The new fully robotized welding line that the ADF Group has just installed in Terrebonne was inaugurated with much fanfare on Tuesday morning, while some 200 company employees have stopped their activities to gather around this industrial colossus to study all its operation. and all its manufacturing prowess.
Posted at 6:30 am
Imagine a structure 275 feet long, 50 feet wide and 19 feet tall, equipped with a handling robot at the end, two huge articulating welding heads on each side, which are coupled on the ground to capable winch systems. of turning steel parts. with a weight of 6000 kg.
These tipping systems replace bridge cranes that traditionally carry heavy parts with chains hanging from the ceiling.
This is what the robotic welding line that the Austrian company Zeman has just manufactured for the ADF Group looks like, a state-of-the-art piece of equipment made to measure and the largest ever designed by the Austrian group, the largest robotic welding line in the world.
The ADF Group is specialized in the design, manufacture and installation of steel superstructures with a high level of architectural complexity. The company made the strategic decision two years ago to automate part of its production to optimize its production capacities.
The ADF Group notably manufactured and installed the 450-foot antenna for the One World Trade Center tower in New York, as well as the steel structure for the Videotron Center in Quebec.
“It’s not just labor shortages that prompted us to invest in installing this robotic welding line. We are doing this to increase our production capacities, to allow us to seek other contracts and increase our order book”, summarizes James Paschini, general manager of production of the ADF Group.
James is the son of Jean Paschini, Chairman of the Board and CEO of Groupe ADF, and is himself the son of founder Giacomo Paschini, who launched Au Dragon Forgé (ADF) in 1956, in Laval. Nine members of the second and third generation of the Paschini family work at the factory, which employs around 400 people.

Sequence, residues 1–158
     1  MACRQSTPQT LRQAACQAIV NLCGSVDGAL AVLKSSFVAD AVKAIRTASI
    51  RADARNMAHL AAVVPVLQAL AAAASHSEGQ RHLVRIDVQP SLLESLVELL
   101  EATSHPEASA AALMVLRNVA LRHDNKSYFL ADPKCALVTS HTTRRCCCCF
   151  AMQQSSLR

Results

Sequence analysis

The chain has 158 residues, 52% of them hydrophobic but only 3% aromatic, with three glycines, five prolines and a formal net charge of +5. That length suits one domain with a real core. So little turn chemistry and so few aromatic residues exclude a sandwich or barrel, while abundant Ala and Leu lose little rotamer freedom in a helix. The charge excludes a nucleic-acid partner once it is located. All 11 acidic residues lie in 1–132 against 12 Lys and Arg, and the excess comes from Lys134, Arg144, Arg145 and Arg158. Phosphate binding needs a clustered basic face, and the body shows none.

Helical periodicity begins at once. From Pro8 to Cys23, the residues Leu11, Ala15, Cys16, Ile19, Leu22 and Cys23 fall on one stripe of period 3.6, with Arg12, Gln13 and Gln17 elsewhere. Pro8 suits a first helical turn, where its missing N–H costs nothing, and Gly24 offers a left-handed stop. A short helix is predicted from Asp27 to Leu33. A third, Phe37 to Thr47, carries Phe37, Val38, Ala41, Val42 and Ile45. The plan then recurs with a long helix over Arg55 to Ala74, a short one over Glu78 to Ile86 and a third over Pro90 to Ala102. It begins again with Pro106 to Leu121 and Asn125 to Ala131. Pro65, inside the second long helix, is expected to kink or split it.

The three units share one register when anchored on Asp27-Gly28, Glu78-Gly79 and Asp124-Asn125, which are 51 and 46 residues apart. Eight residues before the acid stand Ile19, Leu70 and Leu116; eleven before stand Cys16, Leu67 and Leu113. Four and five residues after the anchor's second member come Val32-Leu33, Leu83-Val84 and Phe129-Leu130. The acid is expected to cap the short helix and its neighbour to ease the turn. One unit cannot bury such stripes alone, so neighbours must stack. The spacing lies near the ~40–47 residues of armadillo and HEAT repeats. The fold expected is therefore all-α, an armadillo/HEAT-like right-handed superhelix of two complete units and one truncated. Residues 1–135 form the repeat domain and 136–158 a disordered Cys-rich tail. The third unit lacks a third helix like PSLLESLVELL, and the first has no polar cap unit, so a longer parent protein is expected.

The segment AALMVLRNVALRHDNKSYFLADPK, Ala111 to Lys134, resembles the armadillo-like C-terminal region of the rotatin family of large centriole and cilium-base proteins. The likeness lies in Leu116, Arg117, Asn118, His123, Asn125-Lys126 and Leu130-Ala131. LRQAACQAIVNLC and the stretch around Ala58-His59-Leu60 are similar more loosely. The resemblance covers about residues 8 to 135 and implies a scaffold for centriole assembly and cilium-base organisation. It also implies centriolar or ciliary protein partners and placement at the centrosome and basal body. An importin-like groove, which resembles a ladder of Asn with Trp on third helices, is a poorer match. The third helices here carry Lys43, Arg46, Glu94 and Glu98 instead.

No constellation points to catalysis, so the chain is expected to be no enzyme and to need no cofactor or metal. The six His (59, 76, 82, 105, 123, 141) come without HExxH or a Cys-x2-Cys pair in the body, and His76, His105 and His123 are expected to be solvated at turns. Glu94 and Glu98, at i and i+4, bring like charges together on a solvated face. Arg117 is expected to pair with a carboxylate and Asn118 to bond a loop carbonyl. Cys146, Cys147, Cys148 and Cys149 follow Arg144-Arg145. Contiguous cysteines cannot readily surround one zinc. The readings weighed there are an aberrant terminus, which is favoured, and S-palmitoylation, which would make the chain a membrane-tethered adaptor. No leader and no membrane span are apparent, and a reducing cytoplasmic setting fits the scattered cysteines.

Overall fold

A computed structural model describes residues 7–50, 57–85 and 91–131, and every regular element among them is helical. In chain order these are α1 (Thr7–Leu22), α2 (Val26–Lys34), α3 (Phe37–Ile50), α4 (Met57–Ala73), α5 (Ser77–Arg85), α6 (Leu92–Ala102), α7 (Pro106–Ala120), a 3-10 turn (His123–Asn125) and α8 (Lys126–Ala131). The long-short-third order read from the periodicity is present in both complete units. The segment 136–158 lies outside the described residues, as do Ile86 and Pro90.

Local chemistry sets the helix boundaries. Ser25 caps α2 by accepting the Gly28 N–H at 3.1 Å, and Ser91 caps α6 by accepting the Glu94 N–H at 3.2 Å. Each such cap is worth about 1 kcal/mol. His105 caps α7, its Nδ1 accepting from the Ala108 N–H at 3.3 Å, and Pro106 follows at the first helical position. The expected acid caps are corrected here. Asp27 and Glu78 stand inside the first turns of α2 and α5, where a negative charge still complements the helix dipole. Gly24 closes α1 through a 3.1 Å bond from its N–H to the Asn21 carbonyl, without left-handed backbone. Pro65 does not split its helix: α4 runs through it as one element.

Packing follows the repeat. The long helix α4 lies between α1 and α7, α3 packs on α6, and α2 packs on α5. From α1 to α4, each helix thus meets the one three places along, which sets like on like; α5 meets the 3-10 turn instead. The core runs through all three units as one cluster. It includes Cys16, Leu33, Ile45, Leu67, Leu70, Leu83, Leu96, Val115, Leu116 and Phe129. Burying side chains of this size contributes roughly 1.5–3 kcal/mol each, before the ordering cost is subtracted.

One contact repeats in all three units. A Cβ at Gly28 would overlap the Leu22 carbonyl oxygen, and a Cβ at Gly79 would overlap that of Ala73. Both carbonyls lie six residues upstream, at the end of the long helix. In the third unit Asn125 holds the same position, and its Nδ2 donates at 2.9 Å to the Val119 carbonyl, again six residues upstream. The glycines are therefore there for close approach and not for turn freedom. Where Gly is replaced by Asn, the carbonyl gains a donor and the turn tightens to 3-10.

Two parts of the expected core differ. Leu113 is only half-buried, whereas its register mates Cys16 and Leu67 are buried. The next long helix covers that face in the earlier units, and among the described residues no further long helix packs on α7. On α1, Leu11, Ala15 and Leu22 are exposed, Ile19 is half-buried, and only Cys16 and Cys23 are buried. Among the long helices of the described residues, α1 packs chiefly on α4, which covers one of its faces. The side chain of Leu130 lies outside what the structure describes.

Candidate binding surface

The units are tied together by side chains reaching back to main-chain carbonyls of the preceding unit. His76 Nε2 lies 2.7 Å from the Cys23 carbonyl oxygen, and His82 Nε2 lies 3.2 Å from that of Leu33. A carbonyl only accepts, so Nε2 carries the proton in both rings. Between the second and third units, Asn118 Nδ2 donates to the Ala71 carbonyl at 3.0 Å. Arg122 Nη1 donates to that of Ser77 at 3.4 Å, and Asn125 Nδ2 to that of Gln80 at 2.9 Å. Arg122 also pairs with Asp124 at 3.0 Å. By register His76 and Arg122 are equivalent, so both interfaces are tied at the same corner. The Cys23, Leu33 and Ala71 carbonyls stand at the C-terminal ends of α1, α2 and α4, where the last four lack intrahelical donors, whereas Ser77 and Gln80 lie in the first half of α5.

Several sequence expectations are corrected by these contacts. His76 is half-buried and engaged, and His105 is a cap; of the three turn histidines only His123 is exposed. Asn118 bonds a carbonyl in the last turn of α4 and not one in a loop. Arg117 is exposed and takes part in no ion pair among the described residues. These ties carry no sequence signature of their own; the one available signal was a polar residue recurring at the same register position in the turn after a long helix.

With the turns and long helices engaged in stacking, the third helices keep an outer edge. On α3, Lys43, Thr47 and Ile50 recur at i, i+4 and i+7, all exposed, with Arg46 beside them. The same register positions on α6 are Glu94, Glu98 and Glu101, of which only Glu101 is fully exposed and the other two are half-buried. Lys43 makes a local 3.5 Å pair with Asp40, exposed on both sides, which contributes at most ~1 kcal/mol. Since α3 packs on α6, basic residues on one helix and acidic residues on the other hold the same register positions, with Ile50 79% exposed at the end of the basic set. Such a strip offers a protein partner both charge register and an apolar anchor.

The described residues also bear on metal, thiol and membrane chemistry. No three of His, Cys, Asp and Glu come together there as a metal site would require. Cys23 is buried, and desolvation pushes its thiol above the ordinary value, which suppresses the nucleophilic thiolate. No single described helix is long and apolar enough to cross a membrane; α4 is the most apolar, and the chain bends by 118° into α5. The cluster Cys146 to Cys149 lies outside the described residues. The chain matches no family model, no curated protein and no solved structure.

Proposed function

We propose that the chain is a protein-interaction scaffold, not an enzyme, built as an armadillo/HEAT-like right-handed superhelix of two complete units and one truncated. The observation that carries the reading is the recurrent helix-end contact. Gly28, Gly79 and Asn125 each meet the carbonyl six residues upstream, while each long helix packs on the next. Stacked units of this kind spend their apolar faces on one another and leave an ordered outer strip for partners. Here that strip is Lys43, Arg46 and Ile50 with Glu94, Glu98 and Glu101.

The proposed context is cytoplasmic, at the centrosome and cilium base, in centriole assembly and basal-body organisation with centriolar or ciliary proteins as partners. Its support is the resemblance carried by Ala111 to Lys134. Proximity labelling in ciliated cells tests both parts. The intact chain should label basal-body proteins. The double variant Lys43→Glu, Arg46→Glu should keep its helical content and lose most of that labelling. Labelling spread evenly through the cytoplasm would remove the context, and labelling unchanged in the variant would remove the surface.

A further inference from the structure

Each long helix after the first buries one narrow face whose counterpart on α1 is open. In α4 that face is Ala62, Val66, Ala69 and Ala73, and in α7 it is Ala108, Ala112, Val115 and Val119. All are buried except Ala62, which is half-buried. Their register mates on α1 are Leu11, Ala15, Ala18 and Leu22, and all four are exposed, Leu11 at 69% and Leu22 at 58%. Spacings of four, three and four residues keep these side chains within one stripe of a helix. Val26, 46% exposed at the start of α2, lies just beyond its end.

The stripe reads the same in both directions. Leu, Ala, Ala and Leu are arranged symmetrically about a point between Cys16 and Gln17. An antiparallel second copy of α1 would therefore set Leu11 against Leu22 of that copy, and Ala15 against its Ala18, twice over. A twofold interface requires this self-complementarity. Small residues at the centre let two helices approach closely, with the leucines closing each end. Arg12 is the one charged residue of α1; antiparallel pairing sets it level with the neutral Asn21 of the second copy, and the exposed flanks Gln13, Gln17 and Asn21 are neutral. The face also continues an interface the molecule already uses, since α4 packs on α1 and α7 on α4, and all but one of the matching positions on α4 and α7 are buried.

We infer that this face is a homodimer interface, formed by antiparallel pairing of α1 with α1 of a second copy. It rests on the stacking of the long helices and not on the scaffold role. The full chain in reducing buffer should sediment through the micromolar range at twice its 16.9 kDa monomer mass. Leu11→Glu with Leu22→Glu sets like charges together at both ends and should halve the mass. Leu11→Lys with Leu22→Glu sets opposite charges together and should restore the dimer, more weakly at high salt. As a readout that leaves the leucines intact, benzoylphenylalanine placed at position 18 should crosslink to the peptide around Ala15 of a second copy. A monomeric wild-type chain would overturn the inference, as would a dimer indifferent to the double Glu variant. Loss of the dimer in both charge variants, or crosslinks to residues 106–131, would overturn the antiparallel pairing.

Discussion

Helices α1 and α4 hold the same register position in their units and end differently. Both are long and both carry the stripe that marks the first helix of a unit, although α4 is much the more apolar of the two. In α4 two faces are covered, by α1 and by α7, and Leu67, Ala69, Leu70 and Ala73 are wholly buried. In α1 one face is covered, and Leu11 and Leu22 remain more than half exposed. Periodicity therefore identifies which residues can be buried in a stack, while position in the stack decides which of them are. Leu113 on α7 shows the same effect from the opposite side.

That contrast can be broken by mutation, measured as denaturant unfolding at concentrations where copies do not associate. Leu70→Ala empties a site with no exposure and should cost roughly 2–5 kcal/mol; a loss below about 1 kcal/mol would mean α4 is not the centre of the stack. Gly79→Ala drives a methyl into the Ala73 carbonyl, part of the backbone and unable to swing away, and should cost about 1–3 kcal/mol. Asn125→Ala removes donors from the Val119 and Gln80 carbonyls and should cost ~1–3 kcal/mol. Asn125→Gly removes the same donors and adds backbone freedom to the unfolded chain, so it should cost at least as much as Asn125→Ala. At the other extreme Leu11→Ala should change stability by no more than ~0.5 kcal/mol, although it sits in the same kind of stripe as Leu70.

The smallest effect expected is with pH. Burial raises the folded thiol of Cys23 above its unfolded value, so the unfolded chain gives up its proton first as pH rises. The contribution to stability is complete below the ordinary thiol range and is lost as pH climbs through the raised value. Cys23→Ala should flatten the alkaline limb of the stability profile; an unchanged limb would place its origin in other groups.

Proof that the new robotic line will not solve all the Group’s labor problems, a large banner with the traditional inscription “We are hiring” still hangs in front of the factory.
We plan to hire 100 new employees this year.
Jean Paschini, CEO of the ADF Group
“But our robotic line will allow us to produce simple parts in six times less time than a team, which allows us to free up these employees to produce more complex parts with added value”, specifies James Paschini.
Invest in the future
The ADF Group has invested 31.5 million to automate part of its production and optimize the digitization of its activities. The company obtained a loan of 12.3 million from Investissement Québec and another loan of 7.7 million with interest subsidy from the Economic Development Fund.
In addition to the robotic welding line, ADF has purchased four mobile COHO robots for high-volume welding that can move around the 600,000-square-foot factory instead of moving multi-ton steel parts.
Jules Beauséjour, director of robotization for the ADF Group, explains that these robots will also perform repetitive tasks, freeing up specialized factory workers to perform more complex operations.
It was two years of planning work that mobilized all the teams in the plant, including our office people. We don’t stop training. Every year, we train fifteen people in-house with two experienced employees doing just that.
James Paschini, General Production Manager, ADF Group
The new robotic line has completed its break-in phase and has started production, but will be optimally operational within three to four months, ADF leaders estimate.
The chain manufactured parts for the new Los Angeles airport terminal and other components for a project that the ADF Group is finalizing in New York. The ADF Group has a well-filled order book, including contracts for two new electric vehicle battery plants to be built in Michigan.
“We are thinking of eventually installing the same machines in our factory in Montana, where we also want to increase our production capacities”, evaluates the CEO, Jean Paschini.
Pierre Fitzgibbon, Minister of Economy and Innovation, who participated on Tuesday morning in the inauguration of the new robotic welding line, in his Terrebonne riding stable, was obviously delighted with this structuring investment.
“In 2019, Quebec companies invested 44% less than Ontario companies in new equipment per worker. For two years, we have accelerated the pace, but we must continue on this path to reduce our productivity gaps”, he remarked once again.